This route is blessed with some of the best cycle touring conditions you will ever find--anywhere.  The shoulders are usually good and often excellent, and the same can be said for the pavement.  Where there isn't much shoulder, the traffic is unbelievably light.  At times we could wait twenty minutes between a single vehicle.  One weirdo coming from the opposite direction did flip us off.  Whoa, dude.  Sorry for you!  Hwy 395 will have the "heaviest" traffic but even that is light by most standards.  Most of the time on this route, you'll feel out there and on your own--rare for paved cycling.  As a contrast, consider the so-called "classic" Oregon coast, what many call a cycle touring dream--not me, however.  According to the Oregon Department of Transportation, State Hwy 1, the coastal highway and touring cyclists' "dream tour," in 2015 averaged a daily--that's every day, folks--traffic load of a low of approx. 21,000 cars to a high of 165,000 cars, depending on location.  The overwhelming majority of those cars are on the road during the day in the summer peak cycling months.  In many places, you can expect thousands and thousands of cars per hour zooming by as you "enjoy" the beautiful Oregon coast.  Gah.  Been there.  Done that.  Won't return.

Like all touring, this loop has its demands.  The climbing is big and remote, so you have to be fit and prepared for fixing any problems that might arise--no bike shops except in Bishop and a long way between services.  Temperatures in the Owen's Valley can be extreme in the summer, frequently topping 100 deg. F.  I suggest doing this route in late spring or the fall when valley temps are in the 70's to low 80's.  As noted, be prepared for sub-freezing nights, but the days will be delightful.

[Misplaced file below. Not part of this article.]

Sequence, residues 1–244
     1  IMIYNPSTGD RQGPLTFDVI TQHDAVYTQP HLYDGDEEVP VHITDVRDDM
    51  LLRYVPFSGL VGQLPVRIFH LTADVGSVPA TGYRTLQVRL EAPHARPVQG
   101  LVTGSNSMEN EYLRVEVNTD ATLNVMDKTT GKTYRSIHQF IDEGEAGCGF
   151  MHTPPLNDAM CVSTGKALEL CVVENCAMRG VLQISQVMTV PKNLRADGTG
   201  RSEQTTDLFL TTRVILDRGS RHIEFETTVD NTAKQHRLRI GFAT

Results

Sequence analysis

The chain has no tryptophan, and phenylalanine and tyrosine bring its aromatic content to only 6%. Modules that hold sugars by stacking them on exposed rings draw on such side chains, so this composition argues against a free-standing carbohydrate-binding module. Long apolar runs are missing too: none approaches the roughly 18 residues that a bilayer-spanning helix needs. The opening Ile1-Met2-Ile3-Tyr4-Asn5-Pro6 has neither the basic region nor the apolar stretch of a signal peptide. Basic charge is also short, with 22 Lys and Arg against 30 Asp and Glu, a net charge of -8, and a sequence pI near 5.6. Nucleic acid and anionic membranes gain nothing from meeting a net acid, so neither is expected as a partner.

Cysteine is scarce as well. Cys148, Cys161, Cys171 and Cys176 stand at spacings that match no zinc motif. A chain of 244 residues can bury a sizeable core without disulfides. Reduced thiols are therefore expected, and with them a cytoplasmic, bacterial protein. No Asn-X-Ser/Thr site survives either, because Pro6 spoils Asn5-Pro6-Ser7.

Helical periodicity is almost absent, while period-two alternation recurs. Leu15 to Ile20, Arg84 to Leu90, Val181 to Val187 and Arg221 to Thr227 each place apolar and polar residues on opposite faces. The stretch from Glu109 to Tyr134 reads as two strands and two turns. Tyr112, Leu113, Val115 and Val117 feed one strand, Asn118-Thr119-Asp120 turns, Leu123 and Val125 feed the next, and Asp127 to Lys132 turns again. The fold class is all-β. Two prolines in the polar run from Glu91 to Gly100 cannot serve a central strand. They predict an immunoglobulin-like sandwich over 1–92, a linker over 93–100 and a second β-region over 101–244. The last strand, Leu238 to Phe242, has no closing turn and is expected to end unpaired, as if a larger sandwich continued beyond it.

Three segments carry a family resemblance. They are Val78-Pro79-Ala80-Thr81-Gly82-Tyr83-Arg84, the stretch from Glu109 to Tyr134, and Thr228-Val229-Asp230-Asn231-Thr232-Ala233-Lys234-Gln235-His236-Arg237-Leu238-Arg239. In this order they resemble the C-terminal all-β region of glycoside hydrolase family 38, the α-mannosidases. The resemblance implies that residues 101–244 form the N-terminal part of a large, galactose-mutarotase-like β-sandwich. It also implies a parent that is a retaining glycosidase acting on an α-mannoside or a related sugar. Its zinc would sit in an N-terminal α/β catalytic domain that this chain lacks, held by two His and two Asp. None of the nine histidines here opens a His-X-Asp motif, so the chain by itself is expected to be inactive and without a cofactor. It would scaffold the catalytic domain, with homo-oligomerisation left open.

We pedaled in the counterclockwise direction, thinking to get the long, boring stretch out of the way first.  Well, we did, but we suffered, too.  The winds tend to be out of the north, so that long, boring section is likely to be longer and more trying because of it.  I want to do this loop again, but we'll tackle it clockwise.  This has some advantages and drawbacks.  You DO have to battle the huge climb out of Bishop first off, which can be daunting, but it has the benefit of a generally moderate grade and beautiful curving route and a nice stretch along Lower Rock Creek for cooling off and general beauty ogling.  The run from Lee Vining to Benton Hot Springs will be definitely easier with better grades and--dig this--about a thousand feet less climbing!  You'll roll into the hot springs on a screaming downhill with great views.  The last day will be almost all downhill to Bishop and over quickly. 

Oh, and DEFINITELY get reservations at Benton Hot Springs.  We got the last site, and that was for a Monday night.  Plan ahead. 

Gear Talk Corner:

As you can see, we ride a weird rig, and this compounded our challenges quite a bit.  Lighter rigs would make the going easier for sure!  We'll try it on single trikes next time.  One of my favorite pieces of kit was the stove, an Optimus stove featured in the cooking shot above.  The current model is called the Optifuel, and I can't recommend it highly enough.  Key to long distance touring is fuel availability, and this pup burns virtually anything and does very well on unleaded gasoline--cheap and everywhere.  It simmers very well, too.

Well, that's it for this installment of our touring madness.  Get out and get wild.  Life is short.